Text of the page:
I will likely be spending this Father’s Day wrist-deep in dirt, because my daughter is now a farmer of sorts. Her preschool class started growing lima beans in little Dixie cups, and when they sprouted, she was allowed to take her three plants home. We transplanted them into one of the Earth Boxes we have on the back deck, right next to the lettuce, onions, potatoes, carrots, broccoli, herbs and cherry tomatoes. She helped plant them all, wearing my farmer’s hat like a restaurant tray on her head.
She says the same thing every evening after school: “Daddy, let’s watch my beans grow!” And so out we go to stand over her imperceptibly growing lima beans as the setting sun lights the western tree line on fire. After, we inspect everything else for signs of progress. There is always some; this looks to be a potent growing season again. She is tremendously excited by the whole process. Me? I’m the only person on the Eastern seaboard who actually likes lima beans as far as I know, so it’s win-win all around.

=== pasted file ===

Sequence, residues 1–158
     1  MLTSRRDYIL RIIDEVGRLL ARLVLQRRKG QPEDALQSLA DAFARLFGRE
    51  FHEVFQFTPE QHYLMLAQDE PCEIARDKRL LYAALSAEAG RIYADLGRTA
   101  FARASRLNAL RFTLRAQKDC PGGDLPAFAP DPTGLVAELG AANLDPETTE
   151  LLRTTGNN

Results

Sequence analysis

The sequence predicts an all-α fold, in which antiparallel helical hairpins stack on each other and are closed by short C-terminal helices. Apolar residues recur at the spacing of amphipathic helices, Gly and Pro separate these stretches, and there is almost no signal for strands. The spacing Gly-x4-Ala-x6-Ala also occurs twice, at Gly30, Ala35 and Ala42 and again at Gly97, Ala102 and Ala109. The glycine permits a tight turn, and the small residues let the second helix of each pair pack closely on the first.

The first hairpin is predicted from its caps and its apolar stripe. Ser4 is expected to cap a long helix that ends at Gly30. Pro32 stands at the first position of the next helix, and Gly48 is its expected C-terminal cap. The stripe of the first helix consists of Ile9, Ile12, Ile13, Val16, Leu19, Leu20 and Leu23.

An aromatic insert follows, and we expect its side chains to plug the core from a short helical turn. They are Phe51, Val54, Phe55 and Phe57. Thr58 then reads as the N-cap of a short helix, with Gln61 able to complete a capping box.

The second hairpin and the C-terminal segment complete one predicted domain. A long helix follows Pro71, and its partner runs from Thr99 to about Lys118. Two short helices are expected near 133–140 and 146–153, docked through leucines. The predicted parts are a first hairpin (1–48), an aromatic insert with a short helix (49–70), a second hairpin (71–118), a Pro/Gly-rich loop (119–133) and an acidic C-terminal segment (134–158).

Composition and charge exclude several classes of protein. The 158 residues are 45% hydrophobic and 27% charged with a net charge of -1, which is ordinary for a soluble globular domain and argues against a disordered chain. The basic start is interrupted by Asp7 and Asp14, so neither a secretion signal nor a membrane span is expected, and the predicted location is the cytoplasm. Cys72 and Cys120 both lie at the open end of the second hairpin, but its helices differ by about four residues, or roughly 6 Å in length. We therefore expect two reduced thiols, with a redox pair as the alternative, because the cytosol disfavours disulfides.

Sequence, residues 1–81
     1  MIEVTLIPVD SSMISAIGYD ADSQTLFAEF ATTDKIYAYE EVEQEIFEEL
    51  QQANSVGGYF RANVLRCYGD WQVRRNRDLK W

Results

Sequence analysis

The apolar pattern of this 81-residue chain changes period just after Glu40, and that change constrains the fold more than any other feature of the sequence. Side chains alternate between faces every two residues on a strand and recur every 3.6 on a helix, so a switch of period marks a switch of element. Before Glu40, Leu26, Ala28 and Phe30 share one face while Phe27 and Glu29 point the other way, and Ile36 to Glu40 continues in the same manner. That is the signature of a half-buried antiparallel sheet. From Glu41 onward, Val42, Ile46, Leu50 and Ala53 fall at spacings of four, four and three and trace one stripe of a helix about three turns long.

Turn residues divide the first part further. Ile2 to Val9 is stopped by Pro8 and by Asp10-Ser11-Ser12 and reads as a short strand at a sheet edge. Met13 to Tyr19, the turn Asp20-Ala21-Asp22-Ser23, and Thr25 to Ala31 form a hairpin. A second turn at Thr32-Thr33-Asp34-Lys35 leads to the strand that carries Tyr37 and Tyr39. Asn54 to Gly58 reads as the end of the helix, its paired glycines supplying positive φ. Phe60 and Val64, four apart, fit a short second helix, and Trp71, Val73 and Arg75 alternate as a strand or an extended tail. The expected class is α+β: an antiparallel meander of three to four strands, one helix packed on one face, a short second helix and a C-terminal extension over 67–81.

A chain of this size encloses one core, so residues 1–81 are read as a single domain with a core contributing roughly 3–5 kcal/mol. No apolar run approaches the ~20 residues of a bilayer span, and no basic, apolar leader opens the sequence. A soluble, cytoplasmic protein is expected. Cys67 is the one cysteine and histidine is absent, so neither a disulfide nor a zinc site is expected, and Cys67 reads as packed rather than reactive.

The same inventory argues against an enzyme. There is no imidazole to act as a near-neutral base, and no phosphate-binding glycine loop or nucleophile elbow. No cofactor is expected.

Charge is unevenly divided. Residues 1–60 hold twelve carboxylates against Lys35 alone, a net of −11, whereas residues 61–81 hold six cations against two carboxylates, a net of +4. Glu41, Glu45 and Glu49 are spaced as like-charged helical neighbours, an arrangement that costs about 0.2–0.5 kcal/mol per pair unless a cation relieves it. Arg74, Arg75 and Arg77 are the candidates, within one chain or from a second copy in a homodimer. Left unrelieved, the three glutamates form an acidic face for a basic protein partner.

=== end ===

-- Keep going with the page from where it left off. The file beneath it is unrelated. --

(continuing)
She hasn’t had a chance to work the big garden out in the yard yet, but the day is coming. Out there are the big beefsteak tomato plants, the pepper plants, the cucumbers, zucchini and squash plants, along with more beans and some snap peas for good measure. It’s a budget of work getting all that squared away, digging all the holes and doing the planting, staking and tying up the tomatoes so they don’t droop, watering everything without drowning it all, watching for slugs and other marauders, and all under a hot summer sun. It’s not breaking rocks in a gravel mine, but my back tells me about it whenever I finish a task. That, too, is a good feeling.
Getting my daughter involved with our annual gardening may prove, in time, to be among the more fateful and important decisions we’ve made regarding her upbringing. The lessons she is learning are so elemental, yet so vital. When we started, she thought her beans would fly out of the box in a few minutes. Having to wait and watch, she is learning the value of patience. She is learning you don’t eat if you don’t lend yourself to the labors. She is learning that it is not only acceptable, but mandatory, to get good and dirty every now and again. When she smells the soil on her hands, she smiles a secret smile. I don’t ask her about it; that smile and the feelings behind it are her treasure alone.